She has doleful eyes, not quite what one would expect in a 7-year-old. But there is reason aplenty for this. "L" is my patient, a refugee from Myanmar and scarcely aware, or so I thought, of the catastrophe occurring there.
She is one of the Karen people, an ethnic minority whose brothers and sisters are among the monks and students currently protesting and -- from all reports -- suffering the worst mistreatment under a brutal military regime in the nation formerly known as Burma.
They have arrived in Buffalo afraid but still hopeful, waging new battles against barriers to health care and good education, which are part of many new immigrants' experiences in this country. My task is to communicate, to provide them the best care I can and to listen to their concerns, something they desperately need in every aspect of their journey here.
Through telephonic translation we communicate, at first in a bit of a garble -- phones are only so good at getting a subtle point across -- but then with relative ease, so much so that I feel I can ask about the circumstances at home.
"Tell me how you feel about these protests in Burma," I gently inquire. They look downcast, L is actually starting to cry. Contrary to what I first believed, they all know very well what is transpiring, even my 7-year-old patient.
She says through my translator, "The government is bad and they are hurting people." She is 7, mind you.
I kneel down and give her a big hug. "It's OK, honey. I know."
L's mom is crying, too. She tells me her brother is among those protesting.
"I hope everything turns out all right," I awkwardly offer. She agrees but now wants to leave and I cannot help myself but apologize.
"Thank you for asking," mom says, and I am immediately disarmed.
Whatever else is happening in the world, something absolutely awful is happening in Myanmar right now. A brutal military junta is suppressing a peaceful, gentle, loving people whose only goal is to bring real democracy and freedom to a country that has been deprived of it for far too long.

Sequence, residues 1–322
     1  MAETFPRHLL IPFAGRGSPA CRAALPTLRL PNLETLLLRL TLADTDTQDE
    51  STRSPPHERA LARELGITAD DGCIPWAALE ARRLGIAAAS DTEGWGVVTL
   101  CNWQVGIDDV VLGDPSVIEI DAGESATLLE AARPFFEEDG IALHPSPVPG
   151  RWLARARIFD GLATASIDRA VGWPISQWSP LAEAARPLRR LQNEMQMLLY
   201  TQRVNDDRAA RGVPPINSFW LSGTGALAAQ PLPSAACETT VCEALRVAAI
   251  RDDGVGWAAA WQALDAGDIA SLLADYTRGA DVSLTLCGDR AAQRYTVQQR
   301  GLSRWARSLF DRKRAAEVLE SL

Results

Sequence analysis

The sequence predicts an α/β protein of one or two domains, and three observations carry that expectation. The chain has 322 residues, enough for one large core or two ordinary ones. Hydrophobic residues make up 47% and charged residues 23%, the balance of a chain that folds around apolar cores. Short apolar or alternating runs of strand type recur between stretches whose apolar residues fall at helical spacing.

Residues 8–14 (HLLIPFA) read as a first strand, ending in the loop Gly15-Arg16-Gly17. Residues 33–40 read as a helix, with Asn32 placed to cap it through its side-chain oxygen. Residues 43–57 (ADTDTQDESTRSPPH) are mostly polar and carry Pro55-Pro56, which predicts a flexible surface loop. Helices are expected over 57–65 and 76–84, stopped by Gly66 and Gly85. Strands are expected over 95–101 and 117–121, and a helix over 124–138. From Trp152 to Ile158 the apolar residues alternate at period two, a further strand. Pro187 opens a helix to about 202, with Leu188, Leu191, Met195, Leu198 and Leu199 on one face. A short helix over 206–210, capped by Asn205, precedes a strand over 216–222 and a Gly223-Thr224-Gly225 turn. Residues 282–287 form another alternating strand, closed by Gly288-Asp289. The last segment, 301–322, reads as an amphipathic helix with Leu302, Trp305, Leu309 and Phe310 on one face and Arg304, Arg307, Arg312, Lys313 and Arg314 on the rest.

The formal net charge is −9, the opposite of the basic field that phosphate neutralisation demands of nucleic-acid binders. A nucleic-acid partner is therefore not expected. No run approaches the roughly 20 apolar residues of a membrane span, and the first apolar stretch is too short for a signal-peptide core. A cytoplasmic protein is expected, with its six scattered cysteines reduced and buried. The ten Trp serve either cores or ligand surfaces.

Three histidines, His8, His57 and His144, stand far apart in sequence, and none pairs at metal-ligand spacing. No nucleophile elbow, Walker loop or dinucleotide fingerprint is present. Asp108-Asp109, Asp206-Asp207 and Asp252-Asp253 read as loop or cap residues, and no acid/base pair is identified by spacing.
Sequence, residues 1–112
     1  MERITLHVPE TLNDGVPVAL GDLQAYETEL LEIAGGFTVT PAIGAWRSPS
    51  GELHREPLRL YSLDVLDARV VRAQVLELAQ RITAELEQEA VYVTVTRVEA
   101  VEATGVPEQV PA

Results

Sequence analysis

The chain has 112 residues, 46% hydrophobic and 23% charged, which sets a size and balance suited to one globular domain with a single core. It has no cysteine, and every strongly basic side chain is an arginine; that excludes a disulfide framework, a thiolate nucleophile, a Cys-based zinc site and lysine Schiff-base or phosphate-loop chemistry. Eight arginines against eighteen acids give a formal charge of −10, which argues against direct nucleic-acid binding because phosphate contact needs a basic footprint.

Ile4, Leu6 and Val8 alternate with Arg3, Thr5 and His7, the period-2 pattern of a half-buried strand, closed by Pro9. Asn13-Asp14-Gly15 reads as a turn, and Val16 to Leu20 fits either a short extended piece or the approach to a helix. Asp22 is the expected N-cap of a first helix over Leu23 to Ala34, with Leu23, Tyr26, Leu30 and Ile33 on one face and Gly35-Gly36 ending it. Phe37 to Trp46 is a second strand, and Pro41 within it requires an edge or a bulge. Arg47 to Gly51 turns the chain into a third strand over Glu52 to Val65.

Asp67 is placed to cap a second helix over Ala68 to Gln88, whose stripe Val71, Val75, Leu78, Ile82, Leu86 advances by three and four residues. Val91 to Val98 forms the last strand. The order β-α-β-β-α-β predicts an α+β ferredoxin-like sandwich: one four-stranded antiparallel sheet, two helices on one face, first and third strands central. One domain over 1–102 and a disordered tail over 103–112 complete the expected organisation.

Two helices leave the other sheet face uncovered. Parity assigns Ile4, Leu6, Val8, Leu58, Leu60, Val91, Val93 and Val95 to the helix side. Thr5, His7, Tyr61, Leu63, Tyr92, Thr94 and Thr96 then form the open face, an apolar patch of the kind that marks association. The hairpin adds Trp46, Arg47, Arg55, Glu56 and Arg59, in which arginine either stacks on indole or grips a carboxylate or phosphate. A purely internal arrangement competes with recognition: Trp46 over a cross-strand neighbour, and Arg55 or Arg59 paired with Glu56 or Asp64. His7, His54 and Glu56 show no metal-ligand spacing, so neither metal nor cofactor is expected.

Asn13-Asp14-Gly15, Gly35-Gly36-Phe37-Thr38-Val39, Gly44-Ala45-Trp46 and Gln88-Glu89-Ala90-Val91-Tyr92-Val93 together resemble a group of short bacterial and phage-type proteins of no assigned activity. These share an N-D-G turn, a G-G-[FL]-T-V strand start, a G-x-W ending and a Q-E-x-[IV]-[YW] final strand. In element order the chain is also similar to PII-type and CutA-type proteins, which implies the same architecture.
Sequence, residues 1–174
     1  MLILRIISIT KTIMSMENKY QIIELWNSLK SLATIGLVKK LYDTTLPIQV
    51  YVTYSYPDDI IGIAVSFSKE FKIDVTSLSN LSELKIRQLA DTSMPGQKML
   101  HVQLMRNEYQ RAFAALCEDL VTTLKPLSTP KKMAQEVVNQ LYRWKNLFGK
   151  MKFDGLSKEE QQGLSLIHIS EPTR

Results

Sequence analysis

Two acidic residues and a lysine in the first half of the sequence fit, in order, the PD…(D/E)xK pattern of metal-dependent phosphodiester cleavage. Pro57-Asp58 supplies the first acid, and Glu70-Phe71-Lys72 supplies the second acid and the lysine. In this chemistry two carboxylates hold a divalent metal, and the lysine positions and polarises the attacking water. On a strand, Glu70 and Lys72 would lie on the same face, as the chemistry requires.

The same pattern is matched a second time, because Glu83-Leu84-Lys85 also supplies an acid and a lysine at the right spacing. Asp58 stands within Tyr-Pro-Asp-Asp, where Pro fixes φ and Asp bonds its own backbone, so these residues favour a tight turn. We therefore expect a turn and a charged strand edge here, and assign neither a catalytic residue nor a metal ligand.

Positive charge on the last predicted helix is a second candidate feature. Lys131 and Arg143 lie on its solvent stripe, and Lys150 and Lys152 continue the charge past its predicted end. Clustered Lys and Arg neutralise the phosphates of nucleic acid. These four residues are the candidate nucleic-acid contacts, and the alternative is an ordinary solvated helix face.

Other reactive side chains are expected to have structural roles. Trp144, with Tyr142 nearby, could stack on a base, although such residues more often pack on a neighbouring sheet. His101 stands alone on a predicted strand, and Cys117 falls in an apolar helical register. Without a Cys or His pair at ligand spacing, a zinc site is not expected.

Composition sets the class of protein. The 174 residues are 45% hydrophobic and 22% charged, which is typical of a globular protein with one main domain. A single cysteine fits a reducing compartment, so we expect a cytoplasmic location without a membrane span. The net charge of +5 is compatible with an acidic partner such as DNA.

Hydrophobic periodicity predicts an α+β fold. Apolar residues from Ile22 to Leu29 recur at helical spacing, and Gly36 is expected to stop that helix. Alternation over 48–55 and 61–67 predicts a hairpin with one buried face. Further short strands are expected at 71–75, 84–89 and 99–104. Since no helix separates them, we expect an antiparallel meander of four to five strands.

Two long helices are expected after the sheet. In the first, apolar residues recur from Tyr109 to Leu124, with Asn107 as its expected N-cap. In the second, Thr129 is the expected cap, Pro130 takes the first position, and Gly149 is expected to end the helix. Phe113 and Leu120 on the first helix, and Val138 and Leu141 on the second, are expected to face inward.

The Nobel Peace Prize winner and pro-democracy leader, Aung Sung Suu Kyi, has been a virtual hostage in her own land, her life in jeopardy daily and her effort to improve the lot of her people largely unsupported in any material way by Western governments, including our own.
In essence, a new kind of genocide is taking shape in her country, a policy of extermination and repression so severe that there is probably no escape for most of those who will suffer. It is way past time for the West and regional powers like China and India to act to end this situation.
Granted, our resources are stretched thin and certainly there are contrarians, even neo-isolationists, who will argue that we have no business involving ourselves there. But they only need meet the Karen people, my patients, whose lives and whose families' lives have been turned upside down by the generals running Myanmar.
We must make a stand, even if it is difficult, even it it taxes our own capabilities. As in World War II Europe, or Rwanda or Bosnia or now, too, in Darfur, it is exactly the right thing to do. Just ask my patients, even 7-year-old L.